Driving With Your Eyes Closed
The Blink Of An Eye
Petrol Eyewear – Bondi Designed by Automotive Enthusiasts Endorsed by Professional Race Car Drivers
We demand a lot from our eyes while driving. We depend on them to see where we are going and to help us judge distance. We depend on our eyes to read street markings, lights and road signs. Our eyes enable us to watch out for hazards, pedestrians and animals. We expect our eyes to focus on the distance in one instant and then refocus on our dash, our radio and in our mirrors in another instant. The amount of information that our eyes see and allow us to process while driving is truly astonishing… but what about what we don’t see while driving? What do we miss when we blink?
I recently received a new pair of driving sunglasses by Petrol Eyewear and in a roundabout way they inspired me to wonder… How much of our driving is done with our eyes closed?
What if I took vehicle speed, time and distance traveled, average blink rate and blink speed… could I figure out a total distance driven while blinking? Hmm… Here’s my interesting (but likely useless!) findings.
First, according to Wikipedia the average human blinks about once every 6 seconds and that blink lasts for 100-400 milliseconds (average 1/4 per second). There are many variables that effect blink rate and duration, but for our purposes I’ll just use the nice tidy 1/4 second duration for calculations.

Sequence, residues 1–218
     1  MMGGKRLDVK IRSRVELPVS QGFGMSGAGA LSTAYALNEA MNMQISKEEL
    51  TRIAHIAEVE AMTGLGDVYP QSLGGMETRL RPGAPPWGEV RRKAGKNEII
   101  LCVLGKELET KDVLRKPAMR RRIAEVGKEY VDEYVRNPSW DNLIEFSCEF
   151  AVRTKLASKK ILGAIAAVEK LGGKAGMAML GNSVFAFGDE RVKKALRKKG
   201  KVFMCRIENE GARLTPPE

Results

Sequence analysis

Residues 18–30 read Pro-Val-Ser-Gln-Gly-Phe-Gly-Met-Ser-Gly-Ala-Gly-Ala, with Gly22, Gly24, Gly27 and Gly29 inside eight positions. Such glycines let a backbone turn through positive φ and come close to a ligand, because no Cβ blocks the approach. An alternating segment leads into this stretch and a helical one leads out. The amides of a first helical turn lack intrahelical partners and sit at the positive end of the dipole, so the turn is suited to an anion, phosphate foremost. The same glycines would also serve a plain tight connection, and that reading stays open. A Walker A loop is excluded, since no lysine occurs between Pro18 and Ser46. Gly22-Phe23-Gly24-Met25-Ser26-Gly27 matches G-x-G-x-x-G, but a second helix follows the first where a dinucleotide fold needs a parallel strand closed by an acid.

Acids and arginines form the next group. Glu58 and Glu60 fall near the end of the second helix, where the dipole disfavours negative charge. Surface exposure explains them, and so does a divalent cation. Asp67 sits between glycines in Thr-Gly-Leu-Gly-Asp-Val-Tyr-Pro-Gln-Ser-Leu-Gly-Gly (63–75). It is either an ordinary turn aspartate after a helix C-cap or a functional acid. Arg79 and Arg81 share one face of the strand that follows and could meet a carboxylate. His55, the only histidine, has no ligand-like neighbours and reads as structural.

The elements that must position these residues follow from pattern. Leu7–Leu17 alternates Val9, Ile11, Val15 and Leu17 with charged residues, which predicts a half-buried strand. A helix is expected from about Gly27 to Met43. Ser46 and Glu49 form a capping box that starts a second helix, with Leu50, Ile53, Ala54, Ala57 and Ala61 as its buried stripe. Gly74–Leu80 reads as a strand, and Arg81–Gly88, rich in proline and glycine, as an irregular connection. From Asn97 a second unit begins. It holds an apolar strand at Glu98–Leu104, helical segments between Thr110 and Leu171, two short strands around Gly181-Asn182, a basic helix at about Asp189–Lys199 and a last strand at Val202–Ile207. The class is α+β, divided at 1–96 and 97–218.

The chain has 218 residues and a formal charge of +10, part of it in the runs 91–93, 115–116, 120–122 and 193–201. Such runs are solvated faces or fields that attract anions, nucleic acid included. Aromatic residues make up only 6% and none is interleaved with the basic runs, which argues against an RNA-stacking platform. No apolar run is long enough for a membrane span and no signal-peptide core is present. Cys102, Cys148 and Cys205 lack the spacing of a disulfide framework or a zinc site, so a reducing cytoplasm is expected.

Our Daily Commute in the Blink of an Eye
How much of your morning commute is done with your eyes closed?
A 1/4 of a second doesn’t sound like much, but what does it equate to for the average driver on their daily commute? Well, let’s say our morning drive takes about 15 minutes and we average about 35 miles per hour. At 35 mph, you’ll travel almost 13 feet in the time it takes you to blink! That’s slightly longer than a standard 2-door Mini Cooper!
Now, consider the 10 blink per minute average from Wikipedia. In the 15 minutes it took us to complete our drive we would have blinked 150 times. That means that we spent over 1/3 of a mile (about 1920 feet) WITH OUR EYES CLOSED!!!
Our Road Trip or Weekend Getaway in the Blink of an Eye
When driving from Phoenix, AZ to San Diego, CA the average driver blinks over 3,100 times.